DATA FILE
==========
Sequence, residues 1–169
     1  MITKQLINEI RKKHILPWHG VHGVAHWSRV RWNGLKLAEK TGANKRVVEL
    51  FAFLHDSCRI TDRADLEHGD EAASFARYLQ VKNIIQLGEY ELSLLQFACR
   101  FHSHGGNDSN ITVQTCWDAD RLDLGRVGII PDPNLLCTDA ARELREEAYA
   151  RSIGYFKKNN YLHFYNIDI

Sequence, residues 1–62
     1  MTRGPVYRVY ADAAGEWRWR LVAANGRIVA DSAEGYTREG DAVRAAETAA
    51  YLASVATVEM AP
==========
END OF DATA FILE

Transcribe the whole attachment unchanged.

Sequence, residues 1–169
     1  MITKQLINEI RKKHILPWHG VHGVAHWSRV RWNGLKLAEK TGANKRVVEL
    51  FAFLHDSCRI TDRADLEHGD EAASFARYLQ VKNIIQLGEY ELSLLQFACR
   101  FHSHGGNDSN ITVQTCWDAD RLDLGRVGII PDPNLLCTDA ARELREEAYA
   151  RSIGYFKKNN YLHFYNIDI

Sequence, residues 1–62
     1  MTRGPVYRVY ADAAGEWRWR LVAANGRIVA DSAEGYTREG DAVRAAETAA
    51  YLASVATVEM AP